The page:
To me, it is bringing a sense of community and inclusivity during these uncertain times. And frankly, what better way to do that than engaging young underprivileged students in their final years at school, who, due to the current covid 19 measures, are experiencing feelings of isolation, fear, and uncertainty.
As parents, we may not fully grasp the effect this pandemic has had on our children psychologically. At an age where social bonds and peer group activities are among the core needs, covid 19 has taken that away from them.
So seeing U TENA come up with a project (Tujifunze) to remind the young adults in Mukuru slums that they are part of the community and give them a sense of belonging was an epitome of service to humankind.
Before the project began, I attended the parents meeting for the Tujifunxe project, which enabled me to see the soul and work that had been put into it hence making me appreciate being part of the organization even more; From alleviating any financial burden, the parents might have thought, i.e., provision of masks, qualified teachers, sanitized spacious classrooms and temperature measurement kits to providing packets milk as an appreciation for their attendance.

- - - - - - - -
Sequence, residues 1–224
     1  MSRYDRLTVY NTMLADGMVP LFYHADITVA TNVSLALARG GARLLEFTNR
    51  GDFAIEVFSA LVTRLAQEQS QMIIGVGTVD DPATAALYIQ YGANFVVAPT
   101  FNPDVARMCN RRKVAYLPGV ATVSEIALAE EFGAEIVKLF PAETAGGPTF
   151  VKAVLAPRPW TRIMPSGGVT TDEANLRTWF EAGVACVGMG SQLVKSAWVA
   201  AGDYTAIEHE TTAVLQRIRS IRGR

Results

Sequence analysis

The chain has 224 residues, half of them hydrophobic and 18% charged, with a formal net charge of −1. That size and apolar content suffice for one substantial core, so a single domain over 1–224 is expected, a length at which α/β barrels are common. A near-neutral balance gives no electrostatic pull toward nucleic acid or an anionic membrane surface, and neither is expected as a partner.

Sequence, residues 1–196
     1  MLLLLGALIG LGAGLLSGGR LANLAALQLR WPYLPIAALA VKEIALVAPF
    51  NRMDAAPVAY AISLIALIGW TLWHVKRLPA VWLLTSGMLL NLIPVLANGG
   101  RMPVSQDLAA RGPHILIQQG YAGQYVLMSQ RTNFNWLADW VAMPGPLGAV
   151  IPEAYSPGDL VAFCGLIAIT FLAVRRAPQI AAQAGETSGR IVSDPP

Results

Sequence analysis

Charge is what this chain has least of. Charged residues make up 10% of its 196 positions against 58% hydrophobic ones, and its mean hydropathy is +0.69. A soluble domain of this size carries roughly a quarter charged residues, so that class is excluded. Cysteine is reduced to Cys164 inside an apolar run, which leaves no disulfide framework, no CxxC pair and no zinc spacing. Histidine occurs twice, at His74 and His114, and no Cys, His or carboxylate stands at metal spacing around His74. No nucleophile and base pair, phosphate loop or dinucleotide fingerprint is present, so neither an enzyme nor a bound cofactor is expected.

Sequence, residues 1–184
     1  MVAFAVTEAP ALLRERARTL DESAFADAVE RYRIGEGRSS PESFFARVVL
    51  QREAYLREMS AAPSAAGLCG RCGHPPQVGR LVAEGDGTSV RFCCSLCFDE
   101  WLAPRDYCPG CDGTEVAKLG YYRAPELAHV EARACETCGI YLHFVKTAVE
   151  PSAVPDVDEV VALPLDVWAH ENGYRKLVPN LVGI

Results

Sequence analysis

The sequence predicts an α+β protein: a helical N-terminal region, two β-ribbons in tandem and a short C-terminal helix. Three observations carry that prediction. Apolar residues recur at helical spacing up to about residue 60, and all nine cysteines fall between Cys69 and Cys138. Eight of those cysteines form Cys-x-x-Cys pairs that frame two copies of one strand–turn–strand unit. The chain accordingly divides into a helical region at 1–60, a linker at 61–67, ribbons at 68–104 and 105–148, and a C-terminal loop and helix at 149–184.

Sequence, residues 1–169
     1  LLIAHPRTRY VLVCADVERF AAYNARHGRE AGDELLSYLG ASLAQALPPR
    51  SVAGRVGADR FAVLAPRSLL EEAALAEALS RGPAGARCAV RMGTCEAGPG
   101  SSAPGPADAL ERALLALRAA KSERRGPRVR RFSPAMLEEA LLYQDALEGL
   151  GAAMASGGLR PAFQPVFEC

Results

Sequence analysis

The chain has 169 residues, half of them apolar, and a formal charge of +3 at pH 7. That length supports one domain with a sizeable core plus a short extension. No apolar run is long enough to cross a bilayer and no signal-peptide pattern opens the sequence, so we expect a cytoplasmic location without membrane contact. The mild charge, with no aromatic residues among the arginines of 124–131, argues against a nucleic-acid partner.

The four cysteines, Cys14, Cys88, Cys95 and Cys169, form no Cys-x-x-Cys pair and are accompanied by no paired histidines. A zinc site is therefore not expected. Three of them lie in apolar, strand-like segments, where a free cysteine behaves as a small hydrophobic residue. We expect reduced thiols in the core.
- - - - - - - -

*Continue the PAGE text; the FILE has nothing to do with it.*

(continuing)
Perhaps I'll move to the intricate details of working with the organization as a Biology teacher; The students always arrived energetic and with a great sense of purpose. Preparation for my classes was quite a shift since it helped me scratch an itch I've always had of incorporating practical, real-life situations into my teaching.
I don't know about you but teaching the neural pathways of commonly abused drugs while helping learners master parts of the brain is intriguing; far from the "drugs are bad for you" usual narrative, we got into the scientific details, and you could see students gleaming. This is why my experience with U TENA was such an adrenaline rush because we weren't there to teach but offer life skills to help them transition into adulthood.
If I were to summarize U TENA in a few words, they'd include; Highly organized, transparent with great communication, and nurturing. Maybe this is the whole meal of fish they provided for us during orientation talking, haha.
No, seriously, it was an honor, and it would be an honor to work with the organization again.
God's Blessings upon U-TENA for fighting for the underprivileged in the community.
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Author: Usnah Gesare
Usnah is a high school science teacher, stress management trainer and cancer survivor